“…as a young Latina in politics, I had gotten used to feeling like an outsider in rooms dominated by white men. But I had never experienced anything so blatantly inappropriate and unnerving before. Biden was the second-most powerful man in the country and, arguably, one of the most powerful men in the world. He was there to promote me as the right person for the lieutenant governor job. Instead, he made me feel uneasy, gross, and confused. The vice-president of the United States of America had just touched me in an intimate way reserved for close friends, family, or romantic partners — and I felt powerless to do anything about it.
Our strange interaction happened during a pivotal moment in my political career. I’d spent months raising money, talking to voters, and securing endorsements. Biden came to Nevada to speak to my leadership and my potential to be second-in-command — an important role he knew firsthand. But he stopped treating me like a peer the moment he touched me. Even if his behavior wasn’t violent or sexual, it was demeaning and disrespectful. I wasn’t attending the rally as his mentee or even his friend; I was there as the most qualified person for the job.
Imagine you’re at work and a male colleague who you have no personal relationship with approaches you from behind, smells your hair, and kisses you on the head. Now imagine it’s the CEO of the company. If Biden and I worked together in a traditional office, I would have complained to the HR department, but on the campaign trail, there’s no clear path for what to do when a powerful man crosses the line. In politics, you shrug it off, smile for the cameras, and get back to the task of trying to win your race.
After the event, I told a few of my staff what happened. We all talked about the inexplicable weirdness of what he did, but I didn’t plan on telling anyone else. I didn’t have the language or the outlet to talk about what happened. Who do you tell? What do you say? Is it enough of a transgression if a man touches and kisses you without consent, but doesn’t rise to the level of what most people consider sexual assault? I did what most women do, and moved on with my life and my work.
Time passed and pictures started to surface of Vice-President Biden getting uncomfortably close with women and young girls. Biden nuzzling the neck of the Defense secretary’s wife; Biden kissing a senator’s wife on the lips; Biden whispering in women’s ears; Biden snuggling female constituents. I saw obvious discomfort in the women’s faces, and Biden, I’m sure, never thought twice about how it made them feel. I knew I couldn’t say anything publicly about what those pictures surfaced for me; my anger and my resentment grew.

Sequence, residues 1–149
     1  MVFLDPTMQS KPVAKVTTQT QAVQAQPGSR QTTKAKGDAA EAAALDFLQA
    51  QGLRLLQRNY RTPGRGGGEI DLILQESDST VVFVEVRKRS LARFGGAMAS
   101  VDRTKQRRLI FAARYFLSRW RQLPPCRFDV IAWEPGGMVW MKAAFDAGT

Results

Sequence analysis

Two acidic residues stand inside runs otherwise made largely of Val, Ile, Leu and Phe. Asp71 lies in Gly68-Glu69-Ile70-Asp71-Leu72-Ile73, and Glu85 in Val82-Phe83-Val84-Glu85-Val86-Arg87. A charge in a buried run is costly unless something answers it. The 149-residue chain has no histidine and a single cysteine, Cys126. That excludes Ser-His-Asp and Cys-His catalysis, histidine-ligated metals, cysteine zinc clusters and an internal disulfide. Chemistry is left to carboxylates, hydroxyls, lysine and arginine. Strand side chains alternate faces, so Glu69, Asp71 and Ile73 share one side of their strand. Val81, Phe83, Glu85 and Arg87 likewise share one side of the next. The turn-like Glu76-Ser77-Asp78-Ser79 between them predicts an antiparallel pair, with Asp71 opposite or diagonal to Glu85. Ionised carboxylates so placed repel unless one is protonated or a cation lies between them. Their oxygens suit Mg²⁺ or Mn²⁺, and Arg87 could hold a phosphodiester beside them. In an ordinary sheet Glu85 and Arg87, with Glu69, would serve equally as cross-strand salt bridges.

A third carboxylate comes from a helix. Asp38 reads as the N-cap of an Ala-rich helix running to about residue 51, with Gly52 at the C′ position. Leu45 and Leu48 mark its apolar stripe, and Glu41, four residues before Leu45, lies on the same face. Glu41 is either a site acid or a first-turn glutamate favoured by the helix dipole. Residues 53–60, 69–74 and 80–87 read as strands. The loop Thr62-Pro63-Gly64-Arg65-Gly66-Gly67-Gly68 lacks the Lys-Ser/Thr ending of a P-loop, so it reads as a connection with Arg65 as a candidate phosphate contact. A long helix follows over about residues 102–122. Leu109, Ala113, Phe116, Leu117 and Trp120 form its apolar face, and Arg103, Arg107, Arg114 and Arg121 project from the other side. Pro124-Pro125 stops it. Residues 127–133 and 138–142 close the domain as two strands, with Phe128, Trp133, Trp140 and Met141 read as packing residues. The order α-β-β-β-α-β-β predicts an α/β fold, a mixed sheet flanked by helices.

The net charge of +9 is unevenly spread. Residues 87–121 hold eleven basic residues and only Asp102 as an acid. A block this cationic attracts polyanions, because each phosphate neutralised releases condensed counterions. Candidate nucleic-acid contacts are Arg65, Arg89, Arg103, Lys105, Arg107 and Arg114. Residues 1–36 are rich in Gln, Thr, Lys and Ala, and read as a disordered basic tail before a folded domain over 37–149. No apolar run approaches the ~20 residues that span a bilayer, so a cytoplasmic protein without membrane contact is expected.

Had I never seen those pictures, I may have been able to give Biden the benefit of the doubt. Had there not been multiple articles written over the years about the exact same thing — calling his creepy behavior an “open secret” — perhaps it would feel less offensive. And yet despite the steady stream of pictures and the occasional article, Biden retained his title of America’s Favorite Uncle. On occasion that title was downgraded to America’s Creepy Uncle but that in and of itself implied a certain level of acceptance. After all, how many families just tolerate or keep their young children away from the creepy uncle without ever acknowledging that there should be zero tolerance for a man who persistently invades others’ personal space and makes people feel uneasy and gross? In this case, it shows a lack of empathy for the women and young girls whose space he is invading, and ignores the power imbalance that exists between Biden and the women he chooses to get cozy with…
You don’t have to go far to see the problem with American’s federal regulatory health agencies. It’s a huge problem. I am reminded of more than a dozen scientists from within the CDC who put out an anonymous public statement detailing the influence corporations have on government policies. They were referred to as the Spider Papers.
We are a group of scientists at CDC that are very concerned about the current state of ethics at our agency. It appears that our mission is being influenced and shaped by outside parties and rogue interests. It seems that our mission and Congressional intent for our agency is being circumvented by some of our leaders. What concerns us most, is that it is becoming the norm and not the rare exception. Some senior management officials at CDC are clearly aware and even condone these behaviors. Others see it and turn the other way. Some staff are intimidated and pressed to do things they know are not right. We have representatives from across the agency that witness this unacceptable behavior. It occurs at all levels and in all of our respective units. These questionable and unethical practices threaten to undermine our credibility and reputation as a trusted leader in public health. (source)
There are literally so many examples it’s ridiculous that agencies like the CDC and FDA are even allowed to operate the way they are currently operating. They control the entire medical industry, and everything in health, including medical education, is made and designed by these rogue interests….
For over two decades, American families have faced an unscrupulous foe that threatens the public health and welfare. It is a rogue, unmanageable institution within our federal government, now seemingly beholden solely to private interests. Citizens have been horribly mistaken in believing that the nation’s leading health agency, the Centers for Disease Control (CDC), honors its mandate to protect the public from “dangerous health threats,” both domestic and foreign. We are expected to assume the CDC relies upon the most advanced and cutting-edge medical science and data to make its policy decisions. However, the agency’s history of corruption and fraud contradict its own pledge, as outlined on its website. Instead of protecting the “health security of our nation,” the CDC uses bromides and meaningless pageantry to hide its true nature (source) .…